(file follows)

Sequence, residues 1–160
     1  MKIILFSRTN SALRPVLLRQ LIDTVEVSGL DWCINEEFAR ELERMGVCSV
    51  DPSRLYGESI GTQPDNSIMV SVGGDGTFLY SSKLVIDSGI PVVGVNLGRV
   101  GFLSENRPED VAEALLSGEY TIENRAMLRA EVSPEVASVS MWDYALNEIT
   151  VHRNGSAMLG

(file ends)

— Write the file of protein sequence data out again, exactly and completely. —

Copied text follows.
Sequence, residues 1–160
     1  MKIILFSRTN SALRPVLLRQ LIDTVEVSGL DWCINEEFAR ELERMGVCSV
    51  DPSRLYGESI GTQPDNSIMV SVGGDGTFLY SSKLVIDSGI PVVGVNLGRV
   101  GFLSENRPED VAEALLSGEY TIENRAMLRA EVSPEVASVS MWDYALNEIT
   151  VHRNGSAMLG